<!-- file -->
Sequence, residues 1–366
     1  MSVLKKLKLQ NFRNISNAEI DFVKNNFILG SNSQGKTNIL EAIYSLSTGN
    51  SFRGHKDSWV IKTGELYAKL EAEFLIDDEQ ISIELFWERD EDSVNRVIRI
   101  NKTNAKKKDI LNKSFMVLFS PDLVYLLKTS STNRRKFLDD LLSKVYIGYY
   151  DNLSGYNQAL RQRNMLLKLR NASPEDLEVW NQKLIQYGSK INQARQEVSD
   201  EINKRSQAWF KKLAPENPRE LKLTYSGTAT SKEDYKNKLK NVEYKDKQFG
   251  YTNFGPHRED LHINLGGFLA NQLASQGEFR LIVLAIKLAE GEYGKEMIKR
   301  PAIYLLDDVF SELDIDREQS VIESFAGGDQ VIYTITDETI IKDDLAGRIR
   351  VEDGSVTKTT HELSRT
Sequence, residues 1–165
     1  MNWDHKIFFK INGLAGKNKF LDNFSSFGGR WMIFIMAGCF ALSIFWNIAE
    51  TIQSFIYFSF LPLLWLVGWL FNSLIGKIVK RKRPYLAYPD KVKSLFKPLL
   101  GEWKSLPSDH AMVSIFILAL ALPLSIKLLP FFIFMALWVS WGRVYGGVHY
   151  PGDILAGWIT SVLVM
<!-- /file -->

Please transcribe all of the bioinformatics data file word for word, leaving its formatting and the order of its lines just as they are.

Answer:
Sequence, residues 1–366
     1  MSVLKKLKLQ NFRNISNAEI DFVKNNFILG SNSQGKTNIL EAIYSLSTGN
    51  SFRGHKDSWV IKTGELYAKL EAEFLIDDEQ ISIELFWERD EDSVNRVIRI
   101  NKTNAKKKDI LNKSFMVLFS PDLVYLLKTS STNRRKFLDD LLSKVYIGYY
   151  DNLSGYNQAL RQRNMLLKLR NASPEDLEVW NQKLIQYGSK INQARQEVSD
   201  EINKRSQAWF KKLAPENPRE LKLTYSGTAT SKEDYKNKLK NVEYKDKQFG
   251  YTNFGPHRED LHINLGGFLA NQLASQGEFR LIVLAIKLAE GEYGKEMIKR
   301  PAIYLLDDVF SELDIDREQS VIESFAGGDQ VIYTITDETI IKDDLAGRIR
   351  VEDGSVTKTT HELSRT
Sequence, residues 1–165
     1  MNWDHKIFFK INGLAGKNKF LDNFSSFGGR WMIFIMAGCF ALSIFWNIAE
    51  TIQSFIYFSF LPLLWLVGWL FNSLIGKIVK RKRPYLAYPD KVKSLFKPLL
   101  GEWKSLPSDH AMVSIFILAL ALPLSIKLLP FFIFMALWVS WGRVYGGVHY
   151  PGDILAGWIT SVLVM